Here’s a great follow-up on the progress of Duane Benson’s Papilio-based tele-presence avatar project which we covered here on the blog a little while back. Looks like he is moving forward with the overall implementation in strides.

Referring to the photo above, Duane gives us the run-down from a hardware standpoint:

Toward the lower-left, we see a Papilio One FPGA development board from the Gadget Factory. The small green board hanging off the left-hand side of the Papilio One is a “Wing” (similar in concept to an Arduino “Shield”) carrying a few push button switches and LEDs. I’m using this Wing to mimic some of the final controls — two buttons must be pressed simultaneously to energize the robot; one button will act as an emergency power cut-off.

On the lower-right is a joystick board of my own design. This employs a PIC16F1825 to read the two potentiometers and one switch on the analog joystick. It converts the readings into I2C data to be sent back to the Papilio.

The board stack in the upper portion of the photograph is the power motor driver set. On top is a PIC microcontroller, which communicates with the Papilio over I2C. The board in the middle has voltage regulators and a power relay. Finally, the board on the bottom is a power H-bridge.

So, that’s the hardware! Awesome. Now all you need to do is cruise on over to All Programmable Planet, (where Duane is a resident blogger) to read his status update on the tele-presence avatar project. Duane has put up a video on the original article as well as some code examples that he’s working on.

Here’s more on the project so far:

(via All Programmable Planet)

Tutorial: Running Nut/OS On DE0-Nano For Internet Radio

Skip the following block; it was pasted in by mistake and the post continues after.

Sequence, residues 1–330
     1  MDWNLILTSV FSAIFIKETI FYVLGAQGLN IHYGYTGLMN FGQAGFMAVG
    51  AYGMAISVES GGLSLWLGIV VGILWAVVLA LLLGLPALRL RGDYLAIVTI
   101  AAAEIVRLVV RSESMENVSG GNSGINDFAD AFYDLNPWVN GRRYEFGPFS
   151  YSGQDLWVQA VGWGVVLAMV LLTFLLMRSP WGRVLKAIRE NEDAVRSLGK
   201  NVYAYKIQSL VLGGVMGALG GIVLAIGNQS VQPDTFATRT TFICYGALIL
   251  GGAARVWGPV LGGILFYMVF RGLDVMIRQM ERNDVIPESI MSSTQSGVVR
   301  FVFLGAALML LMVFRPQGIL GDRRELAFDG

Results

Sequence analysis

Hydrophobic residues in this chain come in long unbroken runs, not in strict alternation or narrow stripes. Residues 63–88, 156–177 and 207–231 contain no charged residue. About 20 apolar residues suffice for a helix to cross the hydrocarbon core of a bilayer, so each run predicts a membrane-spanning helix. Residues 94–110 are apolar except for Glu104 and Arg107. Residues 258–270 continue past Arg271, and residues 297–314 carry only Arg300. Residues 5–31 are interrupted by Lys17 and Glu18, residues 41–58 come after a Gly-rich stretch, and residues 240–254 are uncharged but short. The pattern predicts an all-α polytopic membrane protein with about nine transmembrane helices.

Wednesday, August 21st, 2013


Courtesy of Emb4fun, Michael Fischer posted a wonderfully detailed tutorial for getting the Nios II soft processor up and running on his Altera DE0-Nano FPGA, complete with Nut/OS.  The tutorial is as about as in-depth as they come. The tutorial comes in three easy-to-follow sections, and is complete with screenshots and step-by-step instructions.

The first part focuses on setting up the FPGA to run the Nios-II processor. The second section instructs you on how to compile the Nut/OS for the soft processor, then how to upload it and debug the thing. In the third part of his tutorial you’ll learn how to set up a basic Internet radio project and enjoy the results via your sound system. Sign me up!

If you’re done with FPGA LED blinking projects, its time to do more serious projects that involve soft processors running real time OS. Micheal Fischer suggests his series of tutorials on how to setup Altera FPGA board to run Nios II soft processor and even run Nut/OS on it.

You need to head over to Emb4fun to get all the juicy details! I’m excited to imagine what could be done with this concept in your own projects!

(via Embedds.com)

Vector Graphics Arcade Games On An FPGA

Wednesday, August 14th, 2013


This is a pretty cool reincarnation of the old-school vector graphics arcade games – now reborn on FPGA. You just might recognize vector graphics from such classic arcade games as Asteroids, Gravitar, and Tempest. Vector was an interesting display technology at the time, differentiating itself from pixel-based video game graphics by using a method of line drawing rather than pixels and sprites. In this gamer’s experience, the vector games always looked so much sharper while lacking the color and animation of many standard arcade games.